The new iPad Mini finally hit Apple stores last week, giving Apple fans yet another reason to pull out their wallets. But that was just the tip of the iceberg. Apple fans who waited in line could also pick up a new iPad 4, a new iPhone 5 or a new MacBook Pro with retina display. You can look at all these new product offerings, following so closely on the heels of other Apple product offerings, as a sign of Apple’s extraordinary innovation over the past year ... or as yet another example of how planned obsolescence has become the most popular new business strategy in the technology sector.
Under a strategy of planned obsolescence, consumers are being asked to discard their technology devices long before their useful life has ended. If you’re still hanging on to the original iPad, you probably feel like you’re holding on to an artifact from the dark ages of the tablet era. Which, by the way, was all of two-and-a-half years ago.
Unlike the planned obsolescence of 60 years ago, when designers and manufacturers started thinking of new ways to get consumers to upgrade their products sooner than they planned, this obsolescence is all about leveraging an entire ecosystem to get you to upgrade multiple ways at one time. In other words, it’s not just about updating your iPad this time around, it’s also about updating your iOS, which leads you to think about updating all the other digital devices that run on that iOS. And, since all the Apple products are synced together as part of a vast ecosystem, updating your iOS means updating your OSX. And that might just lead to updating your MacBook Pro or iMac. And, if your hardware isn’t supported by the lastest upgrade, well, you know what that means.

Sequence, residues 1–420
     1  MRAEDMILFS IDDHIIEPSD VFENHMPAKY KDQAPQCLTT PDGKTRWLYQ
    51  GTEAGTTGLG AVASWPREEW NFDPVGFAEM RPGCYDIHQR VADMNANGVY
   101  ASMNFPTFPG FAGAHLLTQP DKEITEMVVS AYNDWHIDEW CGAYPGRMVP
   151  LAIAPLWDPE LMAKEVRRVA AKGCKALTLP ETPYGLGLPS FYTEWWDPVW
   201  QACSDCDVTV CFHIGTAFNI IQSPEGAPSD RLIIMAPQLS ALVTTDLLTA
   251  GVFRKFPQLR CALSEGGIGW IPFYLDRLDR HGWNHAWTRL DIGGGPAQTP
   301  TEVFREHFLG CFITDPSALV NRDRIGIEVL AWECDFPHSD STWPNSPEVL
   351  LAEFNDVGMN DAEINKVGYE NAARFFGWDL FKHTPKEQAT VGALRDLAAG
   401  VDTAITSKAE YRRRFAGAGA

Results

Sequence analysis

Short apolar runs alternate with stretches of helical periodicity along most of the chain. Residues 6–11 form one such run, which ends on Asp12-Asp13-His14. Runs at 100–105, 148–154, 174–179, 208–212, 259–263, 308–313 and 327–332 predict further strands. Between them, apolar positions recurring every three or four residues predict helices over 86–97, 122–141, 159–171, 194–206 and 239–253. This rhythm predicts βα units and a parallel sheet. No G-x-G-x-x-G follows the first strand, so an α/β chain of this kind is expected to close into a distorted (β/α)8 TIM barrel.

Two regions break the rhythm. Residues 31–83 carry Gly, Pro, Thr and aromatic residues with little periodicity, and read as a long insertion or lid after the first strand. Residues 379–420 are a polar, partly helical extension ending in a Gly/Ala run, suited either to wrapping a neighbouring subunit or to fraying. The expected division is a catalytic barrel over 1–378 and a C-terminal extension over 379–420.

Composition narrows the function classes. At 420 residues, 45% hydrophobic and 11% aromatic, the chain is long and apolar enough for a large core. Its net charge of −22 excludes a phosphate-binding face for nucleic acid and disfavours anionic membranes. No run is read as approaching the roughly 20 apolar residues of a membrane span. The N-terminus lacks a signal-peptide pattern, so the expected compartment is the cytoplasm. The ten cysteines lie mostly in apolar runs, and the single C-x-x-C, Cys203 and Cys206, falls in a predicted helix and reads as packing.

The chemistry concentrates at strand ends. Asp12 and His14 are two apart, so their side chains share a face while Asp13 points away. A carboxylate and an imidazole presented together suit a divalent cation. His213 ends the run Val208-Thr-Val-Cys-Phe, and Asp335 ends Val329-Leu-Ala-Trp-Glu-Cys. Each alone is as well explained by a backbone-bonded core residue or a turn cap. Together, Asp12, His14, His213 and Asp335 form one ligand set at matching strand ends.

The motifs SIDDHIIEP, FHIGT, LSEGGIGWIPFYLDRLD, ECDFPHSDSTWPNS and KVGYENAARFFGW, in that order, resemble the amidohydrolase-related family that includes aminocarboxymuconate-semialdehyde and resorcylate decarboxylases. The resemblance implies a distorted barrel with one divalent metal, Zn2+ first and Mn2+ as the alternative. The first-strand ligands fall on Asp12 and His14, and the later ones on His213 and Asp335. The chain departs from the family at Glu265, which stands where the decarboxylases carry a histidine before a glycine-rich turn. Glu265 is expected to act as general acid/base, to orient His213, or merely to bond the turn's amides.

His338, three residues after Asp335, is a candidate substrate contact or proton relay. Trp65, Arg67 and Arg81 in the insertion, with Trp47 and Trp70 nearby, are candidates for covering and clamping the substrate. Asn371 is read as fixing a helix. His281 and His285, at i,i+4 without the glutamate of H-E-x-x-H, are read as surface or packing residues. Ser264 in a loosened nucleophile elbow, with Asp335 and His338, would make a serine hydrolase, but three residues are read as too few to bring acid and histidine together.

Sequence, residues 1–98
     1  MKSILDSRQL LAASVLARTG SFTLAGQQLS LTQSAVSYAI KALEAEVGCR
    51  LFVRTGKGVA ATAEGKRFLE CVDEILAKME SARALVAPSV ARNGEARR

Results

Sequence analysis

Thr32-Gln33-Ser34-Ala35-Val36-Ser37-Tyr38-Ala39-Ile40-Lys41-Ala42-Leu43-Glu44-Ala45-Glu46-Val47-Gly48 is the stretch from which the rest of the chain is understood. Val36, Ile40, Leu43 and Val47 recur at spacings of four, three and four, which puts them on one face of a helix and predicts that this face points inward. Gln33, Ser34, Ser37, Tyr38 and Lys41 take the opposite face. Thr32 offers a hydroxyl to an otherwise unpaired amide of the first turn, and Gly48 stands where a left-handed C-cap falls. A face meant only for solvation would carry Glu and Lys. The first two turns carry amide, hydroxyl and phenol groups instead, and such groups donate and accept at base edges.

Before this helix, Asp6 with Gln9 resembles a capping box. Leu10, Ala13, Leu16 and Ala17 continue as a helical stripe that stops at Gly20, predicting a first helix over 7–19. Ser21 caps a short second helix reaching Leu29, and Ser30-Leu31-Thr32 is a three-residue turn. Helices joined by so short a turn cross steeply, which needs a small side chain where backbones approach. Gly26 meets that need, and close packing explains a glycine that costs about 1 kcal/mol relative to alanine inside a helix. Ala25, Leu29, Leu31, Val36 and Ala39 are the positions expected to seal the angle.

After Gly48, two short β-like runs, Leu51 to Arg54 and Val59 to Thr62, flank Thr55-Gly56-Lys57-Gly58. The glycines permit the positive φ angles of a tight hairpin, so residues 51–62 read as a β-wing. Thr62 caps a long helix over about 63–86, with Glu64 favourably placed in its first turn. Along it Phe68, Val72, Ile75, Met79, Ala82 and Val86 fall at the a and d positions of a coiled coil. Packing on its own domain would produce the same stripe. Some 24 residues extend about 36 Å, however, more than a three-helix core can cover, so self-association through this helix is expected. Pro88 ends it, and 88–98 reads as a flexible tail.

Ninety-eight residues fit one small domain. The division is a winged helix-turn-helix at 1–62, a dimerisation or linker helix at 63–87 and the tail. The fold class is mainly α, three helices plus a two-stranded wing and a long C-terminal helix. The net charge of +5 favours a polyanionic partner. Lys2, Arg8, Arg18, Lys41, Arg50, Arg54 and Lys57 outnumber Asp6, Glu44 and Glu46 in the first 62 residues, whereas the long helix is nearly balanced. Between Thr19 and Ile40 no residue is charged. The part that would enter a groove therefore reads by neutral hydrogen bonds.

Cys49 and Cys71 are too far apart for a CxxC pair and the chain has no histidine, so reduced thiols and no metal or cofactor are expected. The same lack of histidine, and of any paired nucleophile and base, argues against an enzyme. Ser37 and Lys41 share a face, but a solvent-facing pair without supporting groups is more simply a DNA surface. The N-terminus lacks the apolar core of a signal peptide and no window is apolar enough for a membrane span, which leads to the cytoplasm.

This is great for a company’s stock price, but since we’re speaking about product ecosystems here, what about the ultimate impact on nature’s ecosystems? What’s happening to all the digital devices that we’re discarding at breakneck speed? Some are being recycled, certainly, but it’s fair to assume that a lot of stuff is ending up in landfills somewhere. And, as the original critics of planned obsolescence pointed out nearly half a century ago, this changing pattern of consumption might actually be leading tech companies to adopt the types of manufacturing practices, such as low-wage factory work overseas, that are essential to maintaining the shrinking lifetimes of tech products.
While some may argue for the economic benefits of planned obsolescence (like higher GDP and greater innovation), it’s fair to say that others are wondering if our society has struck a type of Faustian bargain, exchanging short-term gain for long-term pain.
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